March 2, 2017 The Real McKenzies – Two Devils Will Talk (Album Review)
Fuck Flogging Molly! Fuck The Pogues! Fuck The Mahones! Fuck The Irish Rovers! Most of all, fuck The Real McKenzies! Calm down, it is just a song. That stated, there is a lot of fun cussing and funking, as well as a healthy dose of history, going on with The Real McKenzies’ Two Devils Will Talk, arriving Friday, March 3, 2017 via Fat Wreck Chords.
For those who are a little lost, Canada’s The Real McKenzies have been around for over two decades. Founded in 1992 by the Punk Poet Paul McKenzie, the band calls Vancouver, Canada home. McKenzie is the sole remaining original member of the group, and claims to have performed with some 100 different musicians in The Real McKenzies over the years.
No matter the lineup statistics, over the past twenty-five years, The Real McKenzies have produced nine full-length studio albums – from their self-titled, Real McKenzies, in 1995 to 2015’s Rats in the Burlap – and have shared stages with everyone from NOFX, Rancid, Voodoo Glow Skulls, and fellow Celtic Punks Flogging Molly to Metallica, The Misfits, and Shane McGowan, just to name a select few. Their music has appeared in various TV commercials (Kokanee beer, for one), as well as in films, including – but hardly limited to – Stone of Destiny (2008) and Vampires vs. Zombies (2004). It is an impressive, lengthy career for these Canadian treasures.
An intriguing, meandering collection of fourteen tracks that range from the historical to the downright witty, their newest album, Two Devils Will Talk, is ready to bang an (ear)drum. Those who are not already one of the anointed, consider The Real McKenzies to be Flogging Molly meets Shane McGowan, Celtic Punk meets Celtic Folk, with a flair for storytelling and, well, kilts.
Two Devils Will Talk kicks off with an ode to moving forward without looking back, “Due West.” As with many of the album’s tracks, “Weyburn” is fast-paced, full of bagpipes, and references the Canadian town of the same name. Meanwhile, if a Celtic Punk ballad seems possible, then “One Day” could very well be it. “One day I’ll come back to you and take a breath of air / Until then I’ll stay strong and true, and pretend that you’re here,” sings McKenzie in a tale of geographical distance and love.
Much like Ulysses, McKenzie fights the waves in the rollicking “Seafarers,” with its marching drums and lyrical homage to surfing the waves of life as best one can. In fact, many of these tracks contain seafaring imagery, including the superbly catchy stand-outs “Float” and “Sail Again.” They are also largely short tracks that seem to fly past at a frenetic pace: this boat’s a movin’ quickly, folks.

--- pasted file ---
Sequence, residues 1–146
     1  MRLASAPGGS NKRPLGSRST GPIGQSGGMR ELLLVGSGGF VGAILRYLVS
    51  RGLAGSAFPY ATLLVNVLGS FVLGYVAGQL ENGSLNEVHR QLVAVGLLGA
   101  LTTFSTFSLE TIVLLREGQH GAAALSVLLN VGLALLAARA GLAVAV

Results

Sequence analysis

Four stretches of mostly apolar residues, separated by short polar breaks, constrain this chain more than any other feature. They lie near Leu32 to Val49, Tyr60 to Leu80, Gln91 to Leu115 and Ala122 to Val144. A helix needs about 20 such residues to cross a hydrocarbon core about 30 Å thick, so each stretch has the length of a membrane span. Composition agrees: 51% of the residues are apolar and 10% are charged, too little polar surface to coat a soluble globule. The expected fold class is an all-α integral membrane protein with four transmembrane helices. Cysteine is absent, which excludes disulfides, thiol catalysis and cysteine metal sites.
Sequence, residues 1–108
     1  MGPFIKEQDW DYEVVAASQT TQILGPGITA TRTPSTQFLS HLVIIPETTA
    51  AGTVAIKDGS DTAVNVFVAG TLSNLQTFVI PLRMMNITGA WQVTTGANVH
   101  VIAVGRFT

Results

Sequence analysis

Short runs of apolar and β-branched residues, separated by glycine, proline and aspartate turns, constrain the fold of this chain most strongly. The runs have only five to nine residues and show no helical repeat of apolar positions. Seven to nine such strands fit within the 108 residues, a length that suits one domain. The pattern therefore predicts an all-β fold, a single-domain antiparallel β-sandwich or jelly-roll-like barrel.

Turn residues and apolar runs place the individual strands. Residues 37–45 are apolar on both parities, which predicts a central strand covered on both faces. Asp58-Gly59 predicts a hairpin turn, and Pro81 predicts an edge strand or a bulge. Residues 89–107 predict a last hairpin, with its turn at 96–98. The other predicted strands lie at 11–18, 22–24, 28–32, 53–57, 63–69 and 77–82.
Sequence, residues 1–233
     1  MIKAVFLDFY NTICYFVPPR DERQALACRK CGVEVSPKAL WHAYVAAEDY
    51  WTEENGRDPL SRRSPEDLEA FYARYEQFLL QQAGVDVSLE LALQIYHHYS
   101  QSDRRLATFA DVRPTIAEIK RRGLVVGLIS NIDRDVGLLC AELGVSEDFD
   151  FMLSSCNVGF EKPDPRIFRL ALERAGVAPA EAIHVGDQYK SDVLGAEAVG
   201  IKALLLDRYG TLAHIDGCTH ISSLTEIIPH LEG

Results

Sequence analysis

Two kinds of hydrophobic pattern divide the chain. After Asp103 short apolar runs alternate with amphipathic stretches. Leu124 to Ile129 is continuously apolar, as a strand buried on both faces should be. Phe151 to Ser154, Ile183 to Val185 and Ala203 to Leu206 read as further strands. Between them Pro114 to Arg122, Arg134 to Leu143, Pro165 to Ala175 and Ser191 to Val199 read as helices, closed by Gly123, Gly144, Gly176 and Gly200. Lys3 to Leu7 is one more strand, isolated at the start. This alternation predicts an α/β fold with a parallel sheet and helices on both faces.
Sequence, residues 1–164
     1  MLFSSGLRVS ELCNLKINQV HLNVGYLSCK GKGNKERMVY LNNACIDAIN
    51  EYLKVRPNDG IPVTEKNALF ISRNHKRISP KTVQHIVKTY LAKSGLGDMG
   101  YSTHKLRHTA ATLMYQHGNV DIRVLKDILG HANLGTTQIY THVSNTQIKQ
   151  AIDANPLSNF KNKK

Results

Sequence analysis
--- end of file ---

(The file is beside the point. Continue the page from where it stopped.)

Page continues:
A bewitching cover of Stan Rogers’ “Northwest Passage” is a clear highlight of this collection. A song that pays a lyrical tribute to Captain Sir John Franklin and his contemporaries on the elusive search for the Northwest Passage. McKenzie does some of his best singing as he paints the aural picture: “Ah, for just one time, I would take the Northwest Passage / To find the hand of Franklin reaching for the Beaufort Sea / Tracing one warm line through a land so wild and savage / And make a Northwest Passage to the sea.” More tales are woven through the notes of “The Town” (“As he reached for his whiskey, unaware ’twas his last / his hand shook from the tremble of a faded hourglass”) and the self-explanatory “Drunkards Lament.”
As The Real McKenzies approach their berth, they offer up the most hysterical good time on the record: “Fuck The Real McKenzies.” The Pogues, The Mahones, Flogging Molly, and The Irish Rovers are all name-checked here, but where are the stellar Dropkick Murphys? “Fuck these bands like us,” McKenzie sings humorously. “Fuck us all together or fuck us one by one.” It is admittedly a lot of fucking and, therefore, a fabulously good time. The band end on a special note for die-hards: a reworking of their own “Scots Wha Ha’e” off their eponymous 1995 debut. Still proud to be donning their kilts and claymores (ahem), The Real McKenzies invite all Scots (and Scotts) to raise their hands and rock. McKenzie and co. caber toss themselves to a close, but do stay for a surprising final moment.
The Real McKenzies are a witty, yet poetic group of Canadian storytellers who fall somewhere closer to Folk Punk than what we in America view as modern Celtic Punk. There is, of course, a clear Celtic influence to their music – and bagpipes galore – yet Paul McKenzie is more a weaver of emotional tales than a mohawked street punk. However you categorize it, The Real McKenzies’ Two Devils Will Talk is a fun collection of sea-faring prose, historical voyages, and some Scottish kilt-twirling. It is often boisterous, it is always smart, and CrypticRock gives The Real McKenzies’ Two Devils Will Talk 3.5 out of 5 stars.